# Why does the electron jump ?

## Main Question or Discussion Point

I've been bothered by this question. Say we have an electron in it's ground state. According to quantum mechanics, that is a stationary state. Then we excite the atom and the electron jumps into a higher energy level. That is also a stationary state. The question is: Why does the electron jump back onto its initial state since both states are stationary?

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Meir Achuz
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The upper states are made unstable (and not completely stationary) by interaction with the EM field. This is treated in QED which goes beyod simple one particle QM.

On a related sidenote, I would really like to know why particles in non-relativistic QM emit photons when they make transitions between states. They never really explained that to me...even in QFT.

alxm
Excited states are only approximately stationary. The ground state is the only truly stationary state.

arunma, well this depends on what kind of level of detail that you want.
The most hand-waving would just be to point out that an electron is charged, a photon has an electrical field, and should thus be able to transfer energy to the electron, and so if the photon matches the energy and selection rules, you should be able to have a transition.

Somewhat less hand-waving, covered in most ordinary QM textbooks, is to treat your photon as a time-dependent oscillatory perturbation, do a little work, and out comes Fermi's Golden Rule as your transition probabilities, as a first order approximation. Now if you're talking spontaneous emissions, then your perturbation comes from a vacuum fluctuation/virtual photon, which is described by QED, and I'm pretty sure is covered in most QED textbooks.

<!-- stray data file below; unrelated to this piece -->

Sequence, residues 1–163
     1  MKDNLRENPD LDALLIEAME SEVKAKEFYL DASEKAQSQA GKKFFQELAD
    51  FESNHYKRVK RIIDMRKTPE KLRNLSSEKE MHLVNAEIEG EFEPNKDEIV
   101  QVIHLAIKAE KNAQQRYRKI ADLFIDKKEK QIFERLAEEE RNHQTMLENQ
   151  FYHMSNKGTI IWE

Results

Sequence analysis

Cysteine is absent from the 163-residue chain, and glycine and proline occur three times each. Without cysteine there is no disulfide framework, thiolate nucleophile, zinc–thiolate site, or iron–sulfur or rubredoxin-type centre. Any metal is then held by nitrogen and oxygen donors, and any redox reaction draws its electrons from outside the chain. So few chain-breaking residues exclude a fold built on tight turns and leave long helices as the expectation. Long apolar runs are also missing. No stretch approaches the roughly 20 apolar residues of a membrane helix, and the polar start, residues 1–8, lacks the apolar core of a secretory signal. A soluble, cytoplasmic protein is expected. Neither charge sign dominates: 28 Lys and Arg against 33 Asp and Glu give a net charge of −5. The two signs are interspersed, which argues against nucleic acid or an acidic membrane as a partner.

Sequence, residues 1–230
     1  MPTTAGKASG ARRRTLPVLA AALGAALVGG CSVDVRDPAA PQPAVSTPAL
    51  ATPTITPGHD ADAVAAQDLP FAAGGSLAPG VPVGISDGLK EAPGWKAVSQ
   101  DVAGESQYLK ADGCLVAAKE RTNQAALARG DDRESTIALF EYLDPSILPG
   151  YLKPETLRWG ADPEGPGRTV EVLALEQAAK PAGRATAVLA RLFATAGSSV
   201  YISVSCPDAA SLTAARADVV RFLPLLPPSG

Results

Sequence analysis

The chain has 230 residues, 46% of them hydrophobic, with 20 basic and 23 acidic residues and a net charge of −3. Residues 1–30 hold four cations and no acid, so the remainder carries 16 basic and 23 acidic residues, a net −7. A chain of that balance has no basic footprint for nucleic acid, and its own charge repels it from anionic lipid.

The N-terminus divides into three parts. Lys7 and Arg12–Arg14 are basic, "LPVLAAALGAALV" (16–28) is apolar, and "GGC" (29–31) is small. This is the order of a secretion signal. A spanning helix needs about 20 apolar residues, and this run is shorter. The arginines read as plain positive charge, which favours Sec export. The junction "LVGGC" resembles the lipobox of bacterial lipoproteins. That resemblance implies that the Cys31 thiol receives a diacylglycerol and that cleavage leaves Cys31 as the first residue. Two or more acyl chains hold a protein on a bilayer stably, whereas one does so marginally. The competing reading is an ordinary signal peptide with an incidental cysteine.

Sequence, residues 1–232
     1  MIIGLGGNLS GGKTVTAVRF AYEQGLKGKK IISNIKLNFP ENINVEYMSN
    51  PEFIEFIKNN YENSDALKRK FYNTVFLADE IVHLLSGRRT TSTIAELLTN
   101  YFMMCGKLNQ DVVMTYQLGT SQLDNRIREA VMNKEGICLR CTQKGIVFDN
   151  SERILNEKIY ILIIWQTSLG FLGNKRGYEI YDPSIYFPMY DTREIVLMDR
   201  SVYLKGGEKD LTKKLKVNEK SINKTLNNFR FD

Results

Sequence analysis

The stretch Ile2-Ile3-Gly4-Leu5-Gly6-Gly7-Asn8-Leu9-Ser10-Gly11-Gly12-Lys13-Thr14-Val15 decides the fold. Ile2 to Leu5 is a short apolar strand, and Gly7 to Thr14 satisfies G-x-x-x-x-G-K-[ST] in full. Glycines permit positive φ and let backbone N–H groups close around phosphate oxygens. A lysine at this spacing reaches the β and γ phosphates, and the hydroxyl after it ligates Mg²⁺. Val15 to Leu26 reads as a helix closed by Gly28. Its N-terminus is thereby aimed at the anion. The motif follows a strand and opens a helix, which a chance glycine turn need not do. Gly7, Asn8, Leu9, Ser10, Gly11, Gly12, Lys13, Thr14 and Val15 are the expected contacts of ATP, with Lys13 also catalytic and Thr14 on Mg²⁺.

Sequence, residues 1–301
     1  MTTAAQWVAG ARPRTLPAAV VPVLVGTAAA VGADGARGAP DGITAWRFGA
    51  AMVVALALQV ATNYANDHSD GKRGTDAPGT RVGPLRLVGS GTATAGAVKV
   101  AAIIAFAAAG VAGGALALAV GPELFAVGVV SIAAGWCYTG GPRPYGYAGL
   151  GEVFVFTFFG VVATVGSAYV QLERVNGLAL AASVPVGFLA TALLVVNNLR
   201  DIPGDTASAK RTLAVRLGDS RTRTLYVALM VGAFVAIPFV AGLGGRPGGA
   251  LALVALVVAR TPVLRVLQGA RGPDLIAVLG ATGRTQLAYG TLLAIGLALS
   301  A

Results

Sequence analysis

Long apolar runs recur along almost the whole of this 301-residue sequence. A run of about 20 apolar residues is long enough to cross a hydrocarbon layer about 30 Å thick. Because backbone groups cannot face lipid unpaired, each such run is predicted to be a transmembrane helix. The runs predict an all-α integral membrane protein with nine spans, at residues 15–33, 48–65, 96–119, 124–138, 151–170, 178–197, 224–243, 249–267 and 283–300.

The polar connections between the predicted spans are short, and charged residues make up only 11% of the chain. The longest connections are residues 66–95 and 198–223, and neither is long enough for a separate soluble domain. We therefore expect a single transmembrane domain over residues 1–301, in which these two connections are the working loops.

The first thing you need to know when someone asks a 'why' questions is what level they want the answer to be on!

Excited states are only approximately stationary. The ground state is the only truly stationary state.

arunma, well this depends on what kind of level of detail that you want.
The most hand-waving would just be to point out that an electron is charged, a photon has an electrical field, and should thus be able to transfer energy to the electron, and so if the photon matches the energy and selection rules, you should be able to have a transition.

Somewhat less hand-waving, covered in most ordinary QM textbooks, is to treat your photon as a time-dependent oscillatory perturbation, do a little work, and out comes Fermi's Golden Rule as your transition probabilities, as a first order approximation. Now if you're talking spontaneous emissions, then your perturbation comes from a vacuum fluctuation/virtual photon, which is described by QED, and I'm pretty sure is covered in most QED textbooks.

The first thing you need to know when someone asks a 'why' questions is what level they want the answer to be on!
Hi alxm. I guess the "third year high energy grad student (who's taken QFT)" level of explanation is the one that I'd be most interested in.

However, the hand-wavy explanation is interesting too. Would I be right to say that a photon's electric field is basically adding an extra term to the electron's Hamiltonian, and thus causes the electron orbitals to no longer be eigenstates? If so, then is it possible to explain, within the confines of non-relativistic QM, why an electron will still return to its ground state even in a vacuum? Or are these transitions perhaps caused by the Coulomb potential only being an approximation to the atomic electron's Hamiltonian (since nuclei have a non-zero size)?

Thanks!

if you want the explanation just pick up a QFT book and get your hands dirty.

the vacuum is not the vaccuum of fields though, only vacuum of particle field excitations

alxm
Would I be right to say that a photon's electric field is basically adding an extra term to the electron's Hamiltonian, and thus causes the electron orbitals to no longer be eigenstates?
It's a perturbation, yes. It's true, though that if you have an excited state, then non-relativistically, it cannot decay if there's no interaction/perturbation/field coupling whatsoever going on.

But as I hinted at, you don't need a full relativistic description if you're only after a first-order approximation. But it's naturally more rigorous https://www.amazon.com/dp/0471293369/?tag=pfamazon01-20&tag=pfamazon01-20 covers it all in great detail.

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The first thing you need to know when someone asks a 'why' questions is what level they want the answer to be on!
I hear Richard Feynman talking :D

Anyway, thanks for the answers. It seems I have to go much further than Non-relativistic Quantum Mechanics to answer my question. I can't wait :)